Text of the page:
What Was ‘Dat?

by Bert Bartlett

When we were young, we were told the phrase, if you don’t have anything nice to say, better to say nothing at all. In that vein, there won’t be any analysis about what transpired against Tampa Bay on Sunday in the Superdome. The Saints losing the game wasn’t even an issue. There were others. It was a day to turn off the television, or leave the stadium at halftime, when Atlanta was up 21-0 at home over Carolina, whose players have had their bags packed for months. The first string in New Orleans, too, should have been given the rest of the day off.  

Incredibly, all the writers in that morning’s edition of the Times Picayune, and four of the five Talking Heads on Fox, all picked the Saints to win. Former head coach Jimmy Johnson should have at least known better. When a pro team is motivated by the slim chance of something else happening beyond their field of control, their collective focus will inevitably be sloppy. This is high likelihood in the jungle, where football is very much an all or none game, and the subconscious tends to make its mind up quickly beforehand. And people are more likely to get hurt at half speed.

Saints’ coaches were between a rock and a hard place from a preparation standpoint, but some of their decisions left lots to be desired. There is a school of thought teams need to play their best football as they head into the playoffs, regardless of the circumstances, but after losing their last regular season games last year before tromping through the Super Bowl, the Saints didn’t have anything to prove along these lines. And Pride is overrated propaganda in the latter stages of the NFL season. The truth is, plenty of pro players are relieved when their teams don’t make the playoffs, because their bodies feel like trash bins by this point.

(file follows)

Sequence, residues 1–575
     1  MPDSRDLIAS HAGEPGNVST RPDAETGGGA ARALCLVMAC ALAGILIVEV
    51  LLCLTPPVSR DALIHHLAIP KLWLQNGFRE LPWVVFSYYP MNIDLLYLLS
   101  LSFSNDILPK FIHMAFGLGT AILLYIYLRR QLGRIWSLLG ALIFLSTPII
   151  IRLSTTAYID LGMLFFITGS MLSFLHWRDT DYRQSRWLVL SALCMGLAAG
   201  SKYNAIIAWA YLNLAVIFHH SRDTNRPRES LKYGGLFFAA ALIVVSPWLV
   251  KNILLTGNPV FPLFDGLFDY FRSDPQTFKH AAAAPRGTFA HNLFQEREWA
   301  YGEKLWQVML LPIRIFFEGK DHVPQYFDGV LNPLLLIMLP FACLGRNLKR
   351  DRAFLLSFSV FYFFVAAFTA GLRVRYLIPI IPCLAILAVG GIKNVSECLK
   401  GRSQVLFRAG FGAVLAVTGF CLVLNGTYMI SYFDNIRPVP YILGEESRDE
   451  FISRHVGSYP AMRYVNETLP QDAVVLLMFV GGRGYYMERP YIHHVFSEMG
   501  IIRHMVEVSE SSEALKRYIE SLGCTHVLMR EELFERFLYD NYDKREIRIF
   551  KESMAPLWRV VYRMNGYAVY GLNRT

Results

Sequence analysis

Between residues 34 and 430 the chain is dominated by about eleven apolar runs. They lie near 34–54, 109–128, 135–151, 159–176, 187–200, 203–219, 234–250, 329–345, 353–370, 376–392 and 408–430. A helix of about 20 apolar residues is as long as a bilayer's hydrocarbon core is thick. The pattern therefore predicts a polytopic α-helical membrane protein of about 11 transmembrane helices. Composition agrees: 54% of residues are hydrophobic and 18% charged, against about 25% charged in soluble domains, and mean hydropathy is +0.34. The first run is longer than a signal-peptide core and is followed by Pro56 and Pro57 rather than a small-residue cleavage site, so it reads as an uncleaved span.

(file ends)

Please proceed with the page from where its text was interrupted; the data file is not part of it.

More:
The best that can be said about last Sunday is that it’s over with, that more players didn’t make the injury list, and that back-up quarterback Chase Daniel isn’t starting for New Orleans to kick-off 2011. There’s a consensus that Daniel is the Saints’ quarterback of the future, but this page isn’t in that number that he has the goods, not yet anyway. He needs plenty of work and experience, and should have gotten more of it against the Bucs. Hopefully, Malcolm Jenkins won’t be a post-season casualty of the sordid affair with Tampa Bay.

Of more pertinence was watching Sunday Night Football, to get a bead on the Saints first round playoff opponent. When it comes to other teams, we needn’t be as kind. The Dunce Of The Week award goes to the St. Louis Rams. Their receivers may have set a record for most consecutive dropped passes in league history. Not only did they drop them, they looked like they had never caught any, and the football kept meandering through their arms like water rocket toys from under the Christmas tree. All of their receivers on the field that evening were eligible to be promptly cut Monday morning. Their coaches didn’t have much of a clue either, as evidenced by Ram running back Steven Jackson, by far the best player on the field, hardly even being integrated into their offensive game plan. Huh? All the Rams had left was baby faced quarterback Sam Bradford lamenting Seattle defenders not dropping his interceptions. During telecasts, the NFL runs advertisements for the Tiny Football League, for kids probably too young to be wearing tackle equipment. The line between the ads and the game was a blur.